Hester Prynne, through the eyes of the Puritans, is an extreme sinner; she has gone against the Puritan ways, committing adultery. For this irrevocably harsh sin, she must wear a symbol of shame for the rest of her life. "On the breast of her gown, in a fine red cloth surrounded by an elaborate embroidery and fantastic flourishes of gold thread, appeared the letter 'A. ' " Hester's scarlet "A" serves as a public symbol of her private sin. Because Hester is able to declare her guilt openly, she is freed from excessive remorse, and her sin serves to enrich and dignify rather than to destroy her. The letter makes her stronger and more an individual. As foreshadow as Hawthorne speaks of the scarlet letter, ."..

It had the effect of a spell, taking her out of the ordinary relations with humanity and enclosing her in a sphere by herself", Hester indeed does isolate herself, and stays. ".. out of the sphere of social activity. ". and moves out to an isolated cottage. Hester decides that "Here... had been the scene of her guilt, and here should be the scene of her earthly punishment, the torture of her daily shame would at length purge her soul and work out another purity than that which she had lost; more saintlike, because of the result of martyrdom. Hester Prynne, therefore did not flee". This is where she sinned, this shall be where she suffers and gives penance. As expected, Hester is at first shunned and humiliated by the townspeople, who ignore their own faults and project them onto Hester, and then later their children project them onto Pearl, who does not have the "divine maternity" of Hester, who can do no wrong. Hester behaves with decorum and grace, helping others who are hungry, sick, or in need.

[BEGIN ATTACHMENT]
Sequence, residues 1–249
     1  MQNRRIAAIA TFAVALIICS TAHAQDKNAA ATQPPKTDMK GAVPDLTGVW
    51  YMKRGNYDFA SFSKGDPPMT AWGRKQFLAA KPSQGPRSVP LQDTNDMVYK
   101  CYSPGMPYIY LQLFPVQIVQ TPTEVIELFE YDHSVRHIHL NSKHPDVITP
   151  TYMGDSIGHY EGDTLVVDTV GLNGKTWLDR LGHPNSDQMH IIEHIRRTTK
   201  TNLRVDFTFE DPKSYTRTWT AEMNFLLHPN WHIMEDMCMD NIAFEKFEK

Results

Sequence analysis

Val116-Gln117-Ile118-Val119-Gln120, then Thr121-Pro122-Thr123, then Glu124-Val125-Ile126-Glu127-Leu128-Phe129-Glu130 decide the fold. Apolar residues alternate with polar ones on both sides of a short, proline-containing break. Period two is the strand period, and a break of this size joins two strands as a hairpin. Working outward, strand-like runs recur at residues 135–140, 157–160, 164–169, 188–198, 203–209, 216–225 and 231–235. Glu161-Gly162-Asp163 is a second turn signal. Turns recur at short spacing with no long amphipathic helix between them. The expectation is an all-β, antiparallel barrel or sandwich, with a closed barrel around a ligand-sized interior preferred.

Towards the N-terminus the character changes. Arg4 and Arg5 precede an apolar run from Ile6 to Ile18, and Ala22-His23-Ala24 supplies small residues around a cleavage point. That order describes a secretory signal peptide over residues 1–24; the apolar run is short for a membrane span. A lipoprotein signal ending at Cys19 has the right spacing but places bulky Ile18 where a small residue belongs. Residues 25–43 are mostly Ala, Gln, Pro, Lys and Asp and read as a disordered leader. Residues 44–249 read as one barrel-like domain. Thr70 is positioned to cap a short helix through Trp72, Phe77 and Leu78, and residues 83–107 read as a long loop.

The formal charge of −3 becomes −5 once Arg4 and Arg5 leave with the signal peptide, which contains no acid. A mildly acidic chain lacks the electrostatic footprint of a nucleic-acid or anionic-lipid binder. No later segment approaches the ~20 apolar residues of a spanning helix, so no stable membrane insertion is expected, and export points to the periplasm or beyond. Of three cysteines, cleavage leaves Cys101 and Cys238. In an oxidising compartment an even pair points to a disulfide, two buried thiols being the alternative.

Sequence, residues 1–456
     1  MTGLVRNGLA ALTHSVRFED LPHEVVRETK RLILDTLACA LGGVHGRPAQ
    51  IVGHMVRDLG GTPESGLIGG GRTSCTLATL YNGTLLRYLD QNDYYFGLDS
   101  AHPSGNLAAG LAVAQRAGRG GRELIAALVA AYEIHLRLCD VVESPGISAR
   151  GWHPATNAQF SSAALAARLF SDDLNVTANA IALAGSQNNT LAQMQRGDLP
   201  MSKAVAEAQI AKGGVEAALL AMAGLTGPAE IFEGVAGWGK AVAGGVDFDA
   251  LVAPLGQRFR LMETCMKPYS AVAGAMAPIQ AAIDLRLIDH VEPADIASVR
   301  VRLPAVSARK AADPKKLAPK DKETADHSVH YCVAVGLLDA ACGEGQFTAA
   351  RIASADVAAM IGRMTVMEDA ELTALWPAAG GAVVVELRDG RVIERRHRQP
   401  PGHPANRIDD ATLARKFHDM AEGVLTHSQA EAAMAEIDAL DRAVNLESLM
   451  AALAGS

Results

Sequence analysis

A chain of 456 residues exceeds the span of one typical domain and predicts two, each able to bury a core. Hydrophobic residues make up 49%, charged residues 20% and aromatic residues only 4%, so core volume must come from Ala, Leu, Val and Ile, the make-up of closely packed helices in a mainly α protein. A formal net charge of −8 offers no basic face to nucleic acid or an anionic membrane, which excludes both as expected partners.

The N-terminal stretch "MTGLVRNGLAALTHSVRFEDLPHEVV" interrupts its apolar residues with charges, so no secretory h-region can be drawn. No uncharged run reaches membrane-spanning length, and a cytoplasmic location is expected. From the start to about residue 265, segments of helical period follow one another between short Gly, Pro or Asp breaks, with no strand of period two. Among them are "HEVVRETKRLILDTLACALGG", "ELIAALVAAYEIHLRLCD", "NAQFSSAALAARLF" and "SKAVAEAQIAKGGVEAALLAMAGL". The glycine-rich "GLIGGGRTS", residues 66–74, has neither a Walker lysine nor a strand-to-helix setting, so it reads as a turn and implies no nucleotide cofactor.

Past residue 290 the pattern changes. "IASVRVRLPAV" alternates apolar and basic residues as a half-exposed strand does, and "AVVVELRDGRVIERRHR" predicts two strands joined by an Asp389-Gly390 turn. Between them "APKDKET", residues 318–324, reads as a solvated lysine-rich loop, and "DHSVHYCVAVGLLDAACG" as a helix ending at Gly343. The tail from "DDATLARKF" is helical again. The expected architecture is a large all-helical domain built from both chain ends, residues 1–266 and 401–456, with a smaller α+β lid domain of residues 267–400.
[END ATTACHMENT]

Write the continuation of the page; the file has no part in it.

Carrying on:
Slowly the disdain of the townspeople turns to admiration. ".. Many people refused to internet the scarlet "A" by it's orginal signification. They said it meant "Able.".. ". and Hester becomes a respected person in a Puritan society by overcoming one of the harshest punishments, the scarlet letter. All in all, in the conclusion of the book, Hawthorne demondstrats to us that Hester Prynne and Arthur Dimmesdale, whom both commited the same sin, but dealt and lived with it in completly different ways, were ultimately both forgiven. We learn that their graves were next to one another, but. ".. with a space inbetween, as if the dust of the two sleepers had no right to mingle". but, in the end "Yet one tombstone served for both".

Finally, we are left with: "On a Field, Sable, The Letter A Gules". Arthur Dimmesdale is his own worst enemy. He hates himself and must physically inflict pain upon himself. "He thus typified the constant introspection wherewith he tortured, but could not purify, himself" to never forget what he has done. He lacks the courage to risk his important position in society by admitting his sin publicly, but is unable to achieve any inner calm while living with his hypocrisy. To Dimmesdale, it is bad that Hester is shown publicly as a sinner, but people forget that.

What is far worse than public shame is Dimmesdale's own cruel inner shame. Publicly he becomes more and more passionate and effective in his sermons and moral council to his congregation. Privately he is torn with self-hatred, and his body wastes away because of the remorse and knowing what only he and Hester know gnaws at his soul. He has not confessed, therefore he knows he can't begin his true penance, thus never being forgiven.

He finally has the courage to do so at the hour of his death.